In a recent New York Times article, a woman and her elderly parents were looking to find the right place for them both to live. After months of searching all they could find was a dilapidated Victorian sitting empty after two years on the market as a foreclosed property. Five months later, the house has been transformed into a safe and comfortable home and the neighbors are estatic.
As of January 2012, thirty-five percent of the homes on the market in the US were either short sales or foreclosures. Thirty-seven percent of those homes were categorized either “below” or “well below” average condition, according to the National Association of Realtors.
Locally, the percentages were a lot lower but even one deteriorating home can impact a community.
This is the kind of situation that can take down a whole town let alone a neighborhood. So what was once a lonely outlier loan is the now becoming the “popular girl” or guy (can a loan have gender qualities?) as these homes enter rehab through the FHA 203K loan or a similar product by Fannie Mae called Homepath.
Called the home improvement loan, the FHA 203k was originally conceived by the US Housing and Urban Development agency (HUD) to help revitalize neighborhoods and expand opportunities for home ownership. They work with lenders, local housing agencies and nonprofit organizations to rehabilitate homes and combine the FHA rehab loan with other funding opportunities.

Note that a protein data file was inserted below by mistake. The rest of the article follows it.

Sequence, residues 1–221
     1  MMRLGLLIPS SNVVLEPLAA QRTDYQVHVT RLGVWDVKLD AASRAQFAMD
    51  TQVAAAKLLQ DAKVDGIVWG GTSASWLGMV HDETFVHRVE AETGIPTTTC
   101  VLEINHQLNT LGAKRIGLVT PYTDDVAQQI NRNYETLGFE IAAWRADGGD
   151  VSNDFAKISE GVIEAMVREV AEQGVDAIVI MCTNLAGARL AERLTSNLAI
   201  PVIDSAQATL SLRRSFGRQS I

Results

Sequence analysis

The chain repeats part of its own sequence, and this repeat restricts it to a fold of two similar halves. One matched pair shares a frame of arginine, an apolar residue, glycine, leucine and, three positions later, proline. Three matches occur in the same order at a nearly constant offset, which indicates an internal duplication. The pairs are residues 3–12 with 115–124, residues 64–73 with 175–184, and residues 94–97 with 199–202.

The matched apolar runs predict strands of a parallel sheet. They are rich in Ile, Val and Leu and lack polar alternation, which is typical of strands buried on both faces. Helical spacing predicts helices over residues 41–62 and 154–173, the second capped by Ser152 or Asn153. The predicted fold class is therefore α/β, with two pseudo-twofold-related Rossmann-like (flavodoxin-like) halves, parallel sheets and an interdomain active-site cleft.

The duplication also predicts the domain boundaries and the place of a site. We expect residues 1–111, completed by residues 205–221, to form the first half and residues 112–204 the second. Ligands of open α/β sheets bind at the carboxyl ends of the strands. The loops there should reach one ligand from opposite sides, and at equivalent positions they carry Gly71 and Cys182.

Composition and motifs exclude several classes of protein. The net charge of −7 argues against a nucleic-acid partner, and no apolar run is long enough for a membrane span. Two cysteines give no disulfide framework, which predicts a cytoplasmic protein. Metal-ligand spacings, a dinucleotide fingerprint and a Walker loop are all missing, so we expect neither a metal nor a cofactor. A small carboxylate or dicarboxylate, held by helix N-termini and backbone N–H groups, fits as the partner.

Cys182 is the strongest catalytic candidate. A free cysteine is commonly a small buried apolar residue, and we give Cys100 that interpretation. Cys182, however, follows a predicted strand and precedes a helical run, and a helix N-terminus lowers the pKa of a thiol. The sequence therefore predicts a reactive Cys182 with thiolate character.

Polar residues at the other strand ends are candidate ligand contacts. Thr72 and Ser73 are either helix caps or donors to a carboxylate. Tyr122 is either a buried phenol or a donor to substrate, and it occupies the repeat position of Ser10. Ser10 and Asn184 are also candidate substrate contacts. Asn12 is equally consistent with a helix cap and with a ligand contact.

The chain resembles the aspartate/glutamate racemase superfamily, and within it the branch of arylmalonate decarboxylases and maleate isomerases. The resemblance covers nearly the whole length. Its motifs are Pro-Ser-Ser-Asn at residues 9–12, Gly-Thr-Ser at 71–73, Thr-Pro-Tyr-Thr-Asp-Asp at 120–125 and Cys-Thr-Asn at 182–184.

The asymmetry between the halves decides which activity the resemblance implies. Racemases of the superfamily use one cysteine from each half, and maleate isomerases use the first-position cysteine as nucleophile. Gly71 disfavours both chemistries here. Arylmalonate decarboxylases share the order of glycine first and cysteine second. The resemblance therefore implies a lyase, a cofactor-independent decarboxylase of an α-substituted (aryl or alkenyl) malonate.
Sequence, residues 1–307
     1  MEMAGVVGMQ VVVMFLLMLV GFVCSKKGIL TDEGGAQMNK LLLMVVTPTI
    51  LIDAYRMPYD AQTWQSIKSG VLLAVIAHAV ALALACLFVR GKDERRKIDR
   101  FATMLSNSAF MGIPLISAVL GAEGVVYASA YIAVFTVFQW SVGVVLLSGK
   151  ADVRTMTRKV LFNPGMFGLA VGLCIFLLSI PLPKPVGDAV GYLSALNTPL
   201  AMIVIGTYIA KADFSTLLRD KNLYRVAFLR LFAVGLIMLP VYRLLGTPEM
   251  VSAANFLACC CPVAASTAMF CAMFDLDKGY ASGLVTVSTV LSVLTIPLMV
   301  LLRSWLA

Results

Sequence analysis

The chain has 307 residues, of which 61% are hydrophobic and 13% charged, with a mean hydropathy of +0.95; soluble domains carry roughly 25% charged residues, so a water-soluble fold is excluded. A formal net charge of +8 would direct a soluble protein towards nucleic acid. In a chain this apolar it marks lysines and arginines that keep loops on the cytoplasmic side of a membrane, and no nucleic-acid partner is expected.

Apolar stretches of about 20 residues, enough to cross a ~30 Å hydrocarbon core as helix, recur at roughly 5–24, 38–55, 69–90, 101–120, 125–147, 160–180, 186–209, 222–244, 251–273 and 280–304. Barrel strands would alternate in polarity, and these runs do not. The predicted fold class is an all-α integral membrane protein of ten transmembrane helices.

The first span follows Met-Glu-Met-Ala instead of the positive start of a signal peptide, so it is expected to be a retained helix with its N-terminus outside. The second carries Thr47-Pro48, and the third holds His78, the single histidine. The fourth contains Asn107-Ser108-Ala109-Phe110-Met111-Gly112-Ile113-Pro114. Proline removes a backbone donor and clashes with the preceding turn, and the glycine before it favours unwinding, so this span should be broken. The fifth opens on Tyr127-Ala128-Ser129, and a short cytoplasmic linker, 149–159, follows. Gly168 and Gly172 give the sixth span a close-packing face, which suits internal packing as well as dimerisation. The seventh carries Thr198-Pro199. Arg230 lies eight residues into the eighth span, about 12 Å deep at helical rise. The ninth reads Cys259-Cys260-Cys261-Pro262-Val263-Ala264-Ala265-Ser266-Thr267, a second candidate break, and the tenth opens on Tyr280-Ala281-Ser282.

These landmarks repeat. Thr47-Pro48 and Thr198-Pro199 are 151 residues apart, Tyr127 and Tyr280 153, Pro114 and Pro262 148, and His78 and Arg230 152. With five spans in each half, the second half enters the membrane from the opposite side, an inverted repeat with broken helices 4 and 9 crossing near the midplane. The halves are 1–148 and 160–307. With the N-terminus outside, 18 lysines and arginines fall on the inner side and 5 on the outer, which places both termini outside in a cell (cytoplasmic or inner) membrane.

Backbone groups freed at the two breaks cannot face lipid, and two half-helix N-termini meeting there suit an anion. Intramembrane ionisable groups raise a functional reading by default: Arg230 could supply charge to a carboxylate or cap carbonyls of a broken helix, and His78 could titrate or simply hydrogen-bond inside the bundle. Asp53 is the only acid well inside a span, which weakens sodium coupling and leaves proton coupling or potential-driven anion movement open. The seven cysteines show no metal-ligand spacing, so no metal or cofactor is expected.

There are loan limits according to which state and county the buyer lives in. Larimer County has a loan limit of $312,500 for a single family detached home and $600,000 for a four-family building. The 203k loan can apply to a multi-family unit as long as the buyer claims primary residence in one of the units. Some other restrictions apply.
So instead of buying a home then getting another loan for construction costs (almost impossible these days) there is only one loan and all the interest paid qualifies for the regular homeowner IRS deductions.
And the repairs can be minor or more daunting like structural repairs. You can use the Streamline version of the loan or the Full version which has more requirements but can go a long way to making what was once a community eyesore, the reigning neighborhood princess or prince. (Do homes have gender qualities?)
Make sure your lender has experience with these loans because they need more attention and care than most loans though even the “easy” ones are not always easy.
As for the family who moved into the renovated Victorian, they couldn’t be happier with their experience with a FHA.203k loan. It took time and hard work, but ultimately, it paid off turning what could have been a money pit into a gracious and livable home.